In a nine-month NBA season, players spend half their time in the air getting to the next city. For Iowa State forward Royce White, a projected to be a first-round pick in Thursday’s NBA draft, that is a scary proposition — for him and prospective teams.A sure-fire first round talent, White could drop but there have been concerns he could fall all the way into the second round in part over — of all things — a fear of flying.The fear of flying is part of a larger anxiety disorder for White, who has also admitted to struggling with obsessive compulsive disorder and uses medication to control both. That concerns NBA evaluators in light of former NBA draft picks like Eddie Griffin, the No. 7 overall pick in 2001 who battled depression before tragically dying at the age of 25 after his car crashed into a train in 2007 while he was under the influence of alcohol.“It’s going to be something that a team taking him on is going to have to have something in place, whether it’s a staff member or a plan in place to help him accommodate some of his fears with the travel aspect because that’s such a huge part of an NBA season.”A second GM told NBA.com that White’s situation is similar to a player who has off-the-court problems — presumably meaning run-ins with the law or substance abuse — in regards to how it may affect his stock. White has rightfully taken offense to comparisons like that for something that he can’t control and afflicts millions of Americans.“It’s like cancer or heart disease. Are those character issues, too?” said to the Akron Beacon Journal. “I don’t like when that association is made. There’s a lot of people out there who have an anxiety disorder and don’t talk about it for that reason. People think it’s a character issue and it’s not.“I’m going to continue to be me, I’m going to continue to be an advocate for the mental illness community. I’ll continue to talk about it and be forthcoming about it. When a person or public figure talks about it, it lets people know that haven’t been diagnosed to go and get checked. You’re not alone.”The difference between being selected in the first round and second round is significant. Though White is rumored to have a guarantee that he won’t fall below the Boston Celtics, who have picks 21 and 22, a dip into the second round could mean dropping from a four-year deal guaranteed at around $6 million in total, or a non-guaranteed two-year deal with a starting salary of about a third of the probable $1.2 million White would make in his first year if he were selected by Boston.He burst onto the scene this past March when he put forth big performances against Connecticut and eventual champion Kentucky in the NCAA tournament. As a result, the 6-foot-8 forward vaulted into the consciousness of NBA talent evaluators and was thought by some to be a lottery pick after declaring early for the draft as a sophomore.To be fair, scouts are also worried about erratic behavior in White’s past. He pleaded guilty to shoplifting and was also accused of stealing a laptop computer when he was a freshman at Minnesota during the 2009-10 season before quitting the team over YouTube.But from all indications, those issues are now in the past as White led the Cyclones in five statistical categories last season and was a First Team All-Big 12 performer while displaying a charming personality.
2 Oh boy! Oh boy!! #Mandalorian https://t.co/Du2yV4Jv9g— Collingwood Jays 🇨🇦 (@CollingwoodJays) August 24, 2019 On Saturday, Favreau came on stage to give fans a first look: Whether you like the original or the prequels, “we’ve got something for everyone,” he said. Favreau previously revealed that the series would be set seven years after Return of the Jedi (so 23 years before The Force Awakens). At D23, the writer-director said the time period appealed to him because there’s no government, no law, and the world just degrades. What would it be like to be a bounty hunter during that period of lawlessness? WOWThe Mandalorian looks as good as a Feature length Filmhttps://t.co/SGZB4cPs9e— Jamie Moran (@JamieMoranUK) August 24, 2019 Tags Carl Weathers plays Greef Carga, a man who’s hired the Mandalorian for a job.”He’s kinda the head of this guild of bounty hunters,” Weathers said of his character during Star Wars Celebration, according to CNET’s Sean Keane. “The Mando is a guy who he figures can get the job done.”The Mandalorian also stars Gina Carano as Cara Dune, Omid Abtahi as Dr. Pershing, plus Nick Nolte, Giancarlo Esposito, Emily Swallow and Werner Herzog in unnamed roles, and the voice acting talents of Taika Waititi.The reaction to the new trailer was almost unanimously positive. Star Wars: The Mandalorian is set to be the first Disney Plus original series to debut, and it has been a prime feature of the D23 Expo this weekend. The series stars Pedro Pascal as the titular Mandalorian, and was written by Jon Favreau, who is also executive producer along with Dave Filoni (The Clone Wars) and Lucasfilm President Kathleen Kennedy. All three shed light on how the production came to be, in addition to premiering the first official trailer for the upcoming Disney Plus show. New details and footage were revealed Friday ahead of the Nov. 12 launch, and Disney teased us with a poster earlier in the day. Droid voice @TaikaWaititi says it’s VERY important to him to have droid representation on film in @themandalorian 😬 #StarWars pic.twitter.com/SEYIzluwoV— cait petrakovitz ➡️ D23 🙌🏽💃🏽 (@misscp) August 24, 2019 Disney Plus Disney Star Wars That MANDALORIAN TRAILER HAS ME SHOOK 🔥 pic.twitter.com/3yqO4yeOtS— Admiral Jackbar (Geeky Gator) (@The_GeekyGator) August 24, 2019 And that reaction is understandable. The spaghetti western tone is evident even in the trailer, and when you close with Werner Herzog in full Grizzly Man voiceover mode, it’s hard to hold back the shivers. If this trailer is anything to go by, we could be in for something pretty cool with The Mandalorian.The Disney D23 Expo runs through Sunday, Aug. 25. Be sure to check out coverage from sister sites GameSpot, TV Guide and ComicBook.com. TV and Movies #TheMandalorian, the first live-action Star Wars series, only on #DisneyPlus. Start streaming November 12. @TheMandalorian pic.twitter.com/Dxum2bZDCa— Disney+ (@disneyplus) August 23, 2019 Speaking at Star Wars Celebration back in April, Pascal gave the lowdown on his gray-area bounty hunter. “He’s got a lot of Clint Eastwood in him,” the actor said, adding that he watched Sergio Leone and Akira Kurosawa movies to prepare. 50 Photos Comments Share your voice 2019 TV shows you can’t miss Yo I am beyond pumped for this. Mandalorian lore is (imo) some of the best Star Wars lore, I cannot wait to see this https://t.co/dv5S1zFDTw— Connor “The Wizard” MacDonald (@SamuraiCorndog) August 24, 2019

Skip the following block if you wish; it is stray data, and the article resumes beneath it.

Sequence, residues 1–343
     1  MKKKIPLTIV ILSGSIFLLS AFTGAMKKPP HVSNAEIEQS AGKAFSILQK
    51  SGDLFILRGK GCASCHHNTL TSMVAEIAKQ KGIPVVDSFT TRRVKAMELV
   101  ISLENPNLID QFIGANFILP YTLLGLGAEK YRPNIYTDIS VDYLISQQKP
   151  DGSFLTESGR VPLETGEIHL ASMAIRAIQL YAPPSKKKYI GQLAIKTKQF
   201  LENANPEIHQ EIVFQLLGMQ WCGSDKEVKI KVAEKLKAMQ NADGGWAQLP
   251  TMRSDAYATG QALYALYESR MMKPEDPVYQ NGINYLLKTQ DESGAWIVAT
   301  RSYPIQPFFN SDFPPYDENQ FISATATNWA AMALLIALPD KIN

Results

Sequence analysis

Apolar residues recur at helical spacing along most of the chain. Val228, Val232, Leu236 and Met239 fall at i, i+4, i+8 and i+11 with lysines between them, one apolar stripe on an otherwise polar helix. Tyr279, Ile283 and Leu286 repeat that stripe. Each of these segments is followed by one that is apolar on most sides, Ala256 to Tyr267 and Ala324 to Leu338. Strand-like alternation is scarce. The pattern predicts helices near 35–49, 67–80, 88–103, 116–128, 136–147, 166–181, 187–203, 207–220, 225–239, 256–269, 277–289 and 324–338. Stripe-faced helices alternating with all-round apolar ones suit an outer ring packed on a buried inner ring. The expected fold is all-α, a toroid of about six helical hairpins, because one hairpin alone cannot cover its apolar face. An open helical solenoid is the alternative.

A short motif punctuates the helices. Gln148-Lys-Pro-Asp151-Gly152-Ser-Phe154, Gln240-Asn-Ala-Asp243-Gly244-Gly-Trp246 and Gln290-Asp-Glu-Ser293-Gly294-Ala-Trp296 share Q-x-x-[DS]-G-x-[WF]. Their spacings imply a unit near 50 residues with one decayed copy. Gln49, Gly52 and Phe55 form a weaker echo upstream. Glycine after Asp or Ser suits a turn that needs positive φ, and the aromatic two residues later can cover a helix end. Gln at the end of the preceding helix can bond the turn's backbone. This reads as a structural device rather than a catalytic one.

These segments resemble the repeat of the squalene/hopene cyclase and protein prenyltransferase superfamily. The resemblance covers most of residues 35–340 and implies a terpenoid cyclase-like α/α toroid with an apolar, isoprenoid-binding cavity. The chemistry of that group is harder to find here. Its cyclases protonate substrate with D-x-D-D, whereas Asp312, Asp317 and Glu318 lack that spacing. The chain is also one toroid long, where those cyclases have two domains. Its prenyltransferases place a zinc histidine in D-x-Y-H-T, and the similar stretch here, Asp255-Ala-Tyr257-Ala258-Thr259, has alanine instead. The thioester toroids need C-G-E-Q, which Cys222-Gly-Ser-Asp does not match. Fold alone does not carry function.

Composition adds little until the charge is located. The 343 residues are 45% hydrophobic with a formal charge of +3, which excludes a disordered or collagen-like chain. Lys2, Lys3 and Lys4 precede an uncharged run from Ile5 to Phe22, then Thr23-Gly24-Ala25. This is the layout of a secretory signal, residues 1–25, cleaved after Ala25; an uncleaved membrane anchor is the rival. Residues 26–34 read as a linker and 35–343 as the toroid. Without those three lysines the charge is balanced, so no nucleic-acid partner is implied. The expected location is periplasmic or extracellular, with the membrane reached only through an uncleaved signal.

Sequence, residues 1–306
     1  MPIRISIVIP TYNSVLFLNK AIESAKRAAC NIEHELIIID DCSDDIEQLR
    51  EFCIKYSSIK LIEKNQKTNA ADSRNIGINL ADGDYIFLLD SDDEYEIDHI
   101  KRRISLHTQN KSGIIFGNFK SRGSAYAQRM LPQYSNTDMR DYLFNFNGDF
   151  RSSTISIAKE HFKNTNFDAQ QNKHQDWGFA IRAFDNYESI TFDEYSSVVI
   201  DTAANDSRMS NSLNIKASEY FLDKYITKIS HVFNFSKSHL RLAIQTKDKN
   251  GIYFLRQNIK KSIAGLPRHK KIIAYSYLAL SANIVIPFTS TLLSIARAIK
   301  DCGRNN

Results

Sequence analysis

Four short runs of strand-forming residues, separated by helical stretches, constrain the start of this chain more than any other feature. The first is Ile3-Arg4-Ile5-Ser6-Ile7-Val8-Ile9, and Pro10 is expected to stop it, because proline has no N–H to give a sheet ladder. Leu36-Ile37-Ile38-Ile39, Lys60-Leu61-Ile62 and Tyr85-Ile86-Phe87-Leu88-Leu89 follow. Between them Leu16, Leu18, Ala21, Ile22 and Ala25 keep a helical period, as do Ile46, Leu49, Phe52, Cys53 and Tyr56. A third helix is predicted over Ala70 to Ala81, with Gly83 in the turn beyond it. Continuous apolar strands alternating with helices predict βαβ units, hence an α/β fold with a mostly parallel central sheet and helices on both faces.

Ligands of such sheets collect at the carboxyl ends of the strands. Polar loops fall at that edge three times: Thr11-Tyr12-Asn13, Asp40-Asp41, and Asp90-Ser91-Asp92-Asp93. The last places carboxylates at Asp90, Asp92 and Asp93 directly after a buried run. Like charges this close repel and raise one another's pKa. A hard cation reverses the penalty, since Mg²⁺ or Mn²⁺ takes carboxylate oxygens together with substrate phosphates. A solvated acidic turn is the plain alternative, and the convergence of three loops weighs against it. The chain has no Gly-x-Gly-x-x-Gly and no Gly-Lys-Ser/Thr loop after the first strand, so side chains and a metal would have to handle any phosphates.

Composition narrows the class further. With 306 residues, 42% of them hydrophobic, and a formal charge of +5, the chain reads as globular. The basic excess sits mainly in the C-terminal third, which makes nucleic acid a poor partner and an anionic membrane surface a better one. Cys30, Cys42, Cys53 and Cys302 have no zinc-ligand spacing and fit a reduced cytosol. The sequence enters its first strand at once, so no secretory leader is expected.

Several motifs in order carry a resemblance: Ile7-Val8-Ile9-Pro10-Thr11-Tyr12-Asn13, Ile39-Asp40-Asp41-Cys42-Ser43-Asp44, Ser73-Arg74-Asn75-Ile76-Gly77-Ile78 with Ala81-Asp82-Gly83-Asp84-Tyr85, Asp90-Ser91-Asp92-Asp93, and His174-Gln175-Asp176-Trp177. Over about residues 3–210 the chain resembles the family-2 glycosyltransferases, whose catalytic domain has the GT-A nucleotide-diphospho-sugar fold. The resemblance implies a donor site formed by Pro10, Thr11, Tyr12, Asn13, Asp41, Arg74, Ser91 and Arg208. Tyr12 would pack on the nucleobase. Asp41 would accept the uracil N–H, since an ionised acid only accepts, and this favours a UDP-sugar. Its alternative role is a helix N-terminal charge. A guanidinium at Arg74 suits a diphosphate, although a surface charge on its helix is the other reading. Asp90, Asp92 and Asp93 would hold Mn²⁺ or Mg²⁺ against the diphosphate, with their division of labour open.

Listen To embed this piece of audio in your site, please use this code: X Laura IsenseeWillie Alston, Jr., is director, actor and playwright for the “Sinister Minister,” a play produced by his community theater group, the Positive Project “Playahz.” 00:00 /04:04 In the atrium of an office building in North Houston, Willie Alston, Jr., recently set up rehearsal for his community theater group.He launched into the play’s theme song, the “Sinister Minister,” along with the rest of the cast. Alston is not only an actor, but also stage manager, director and playwright.He credits his work as an artist today in large part to his experience at Houston’s High School for the Performing and Visual Arts, known as HSPVA. What’s more, he said that the school kept him from dropping out.“That’s the kind of experience I wish I could do over and over and over again,” Alston said.But if Alston tried to go back to HSPVA today, it’d be much tougher to get in. When he attended in the 1970s, integration and diversity were top goals at the school.But in 1997, the Houston school board dropped diversity guidelines for magnets. Now the premier fine arts magnet has a very different demographic profile than the district overall. In Houston schools, roughly eight out of every ten students are low-income and brown or black. At HSPVA, almost half the students are white, and just 15 percent low income.Laura IsenseeHouston Public Media analyzed the demographics of HISD and its premier arts high school. Figures are in percentages. Source: Houston Independent School District.In fact, Houston Public Media analyzed data obtained from HISD and found that the top three ZIP codes that send students to HSPVA are mostly white, affluent areas, like Meyerland, Montrose and near West University. Other parts of town, like some poor, black neighborhoods in Northeast Houston, send no students to HSPVA.That’s very different from the original mission, according to former Houston schools superintendent, Billy Reagan. He took over the district when many considered it the largest segregated school system in the country. It faced a federal order to integrate.“You had black schools, black teachers, white schools, white teachers,” recounted Reagan in an interview. “But the black schools did not have the financial support. They were inferior. So it was truly a major system of segregation and equity. And so we went about dealing with it.”HISDFormer HISD Superintendent Billy Reagan led the district for 12 years and oversaw desegregation. In this photo, he attended the first day of school in August 2012 at Billy Reagan K-8, named after him.Reagan decided to stop forced busing, which he said wasn’t working. He wanted to experiment with a different kind of school, where kids could pursue their passion. They called them “magnet schools.”“And we went throughout the whole district working with communities and they chose from a list of magnets that they felt would appeal to their communities and bring students of different races to their schools,” he said.Reagan, who is white and grew up on a sharecropping farm in East Texas, said that kids had to audition to get a spot at the fine arts school“But with a strong emphasis that we must have a highly integrated school,” he added.It drew teenagers like Willie Alston, who was living in Third Ward. He auditioned, got in and later graduated with the first ever senior class in 1974.“I looked forward to it. I used to hate going to school before HSPVA,” Alston said. “I would be getting up at the crack of dawn … and I’d be practicing different things for different classes and getting ready.”Another person who later benefited from HSPVA, the former superintendent Reagan said: “Ever hear of a lady named Beyoncé?”Laura IsenseeAt one of the last concerts of the school year, HSPVA’s two mariachi groups put on a moving concert. Jay Aiyer, at Texas Southern University, said that the strength of the mariachi group reflects the investment in the arts in middle school. Several middle schools in Houston have mariachi programs, including its middle school fine arts magnet in Meyerland.Today the fine arts high school is so competitive it uses auditions and a lottery to assign spots. Even its novice mariachi group sounds professional.Jay Aiyer, who has studied the issue of magnet schools at Texas Southern University, said that economics – and district priorities – drive the disparity.“It really is an opportunity gap,” he said. “I don’t think there’s a bias in favor of one demographic group or against a particular demographic group.”Rather, Aiyer believes, if the district doesn’t fund arts education early on in many schools, then families have to pay for expensive private lessons. That exposure and training helps boost the odds their kids will qualify for HSPVA.“Arts requires investment. And that investment either happens by the district in elementary and middle school. Or it has to be done on the outside,” Aiyer said.The majority of families in the Houston district are economically disadvantaged and would struggle to afford that.In a statement, the district said that it believes “all students deserve and should have equitable access to high-quality schools and academic programs.”To make sure that happens, HISD is currently reviewing all magnets, which is expected to be completed in January. Share